The fear that yoga might be used to impose a Hindu nationalist agenda is not new to Indian politics. For several years, some members of the Parliament have attempted to make yoga compulsory in public school physical education, angering some Muslims who suggest that teaching yoga in schools is a part of a Hindu nationalist attempt at religious indoctrination. Another public campaign in parts of Europe and North America incites fear of yoga and argues that non-Hindus have been duped into thinking yoga is merely a consumer product when yoga in fact has its origins in India and is essentially Hindu.
Yoga’s most suspicious and fear-inciting Western critics include certain Christians, including Albert Mohler (President of the Southern Baptist Theological Seminary), Pat Robertson (television evangelist and founder of the Christian Coalition of America), the Roman Catholic Church, and even some parents in Encinitas, California who sued their public school district for teaching students yoga. Some Hindus join these Christians in defining yoga as Hindu, most notably the Hindu American Foundation (HAF).
High-profile attempts to define yoga in terms of some national or religious identity are becoming increasingly common despite the lived and historical reality that yoga has never been a static and unified system. Rather, it has varied in its premodern and modern forms, featuring different practices, ideas, and aims, which appeared both within and beyond Hindu traditions and the borders of India, themselves constructed long after the historical emergence of yoga and the majority of its history.
The type of yoga popularized around the world today, modern postural yoga, which includes sequences of postures synchronized with the breath, serves as the practical component of the government’s protocol. Postural yoga cannot be defined as either Hindu or Indian. Scholars doing historical and anthropological research have shown that yoga proponents constructed modern postural yoga in response to early-twentieth-century transnational trends, including military calisthenics, modern medicine, and the physical culture of gymnasts, bodybuilders, and contortionists. Postural yoga’s methods and aims, which include health, stress reduction, beauty, fitness, and overall well-being, all according to modern medical standards and ideals, were specific to the time period and would not have been considered yoga prior to the twentieth century.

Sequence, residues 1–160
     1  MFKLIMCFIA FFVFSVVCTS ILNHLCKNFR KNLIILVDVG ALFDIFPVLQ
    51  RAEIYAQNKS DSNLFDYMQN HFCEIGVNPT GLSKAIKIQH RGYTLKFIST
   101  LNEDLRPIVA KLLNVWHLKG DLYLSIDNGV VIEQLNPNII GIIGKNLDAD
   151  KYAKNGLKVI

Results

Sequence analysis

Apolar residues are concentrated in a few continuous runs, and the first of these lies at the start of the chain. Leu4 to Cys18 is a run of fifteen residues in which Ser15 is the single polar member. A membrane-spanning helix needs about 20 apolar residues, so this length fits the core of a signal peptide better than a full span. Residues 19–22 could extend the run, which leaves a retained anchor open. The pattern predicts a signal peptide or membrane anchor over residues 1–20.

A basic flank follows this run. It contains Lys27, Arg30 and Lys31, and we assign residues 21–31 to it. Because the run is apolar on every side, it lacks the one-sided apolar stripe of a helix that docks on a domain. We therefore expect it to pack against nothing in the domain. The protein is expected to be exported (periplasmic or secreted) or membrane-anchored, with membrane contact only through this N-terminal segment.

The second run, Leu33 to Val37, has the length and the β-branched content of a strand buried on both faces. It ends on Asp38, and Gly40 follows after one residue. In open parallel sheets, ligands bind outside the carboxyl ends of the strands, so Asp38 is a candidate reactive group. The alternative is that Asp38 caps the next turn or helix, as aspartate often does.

Yoga includes a variety of historical as well as living, dynamic traditions, hence the divergences between premodern Buddhists, Jains, and Hindus who practiced yoga, as well as the living yoga giants, Baba Ramdev and Bikram Choudhury, or the American yoga entrepreneurs, tantric-fitness yoga advocate John Friend and the evangelical Christian proponent of “Holy Yoga” Brooke Boon. Any attempt to demarcate what counts as yoga based on a particular national or religious identity is historically and socially misguided.
There are positives about the opportunity to celebrate yoga. After all, many studies have shown modern postural yoga to have benefits for physical and mental health, and practitioners around the world often testify to it bringing about positive transformations in their lives. Nevertheless, any simultaneous attempts to define yoga in ways that bind it within Hindu or Indian identities and accordingly outside of others, are problematic.
There are many reasons then to be suspicious of both Modi and those of his opponents who attempt to define yoga in terms of some assumed national or religious identity. Their opinions regarding Yoga Day share the same, wrong essentializing strategies as other worldwide debates over how to define yoga.
Most high-profile opinions on yoga are largely uninterested in nuanced portraits that reflect the real complexity, dynamism, and diversity of yoga lives. Unfortunately, Modi and his opponents’ recent arguments concerning yoga have served to trap their audiences in inaccurate myths of yoga’s Indian origin or static Hindu essence.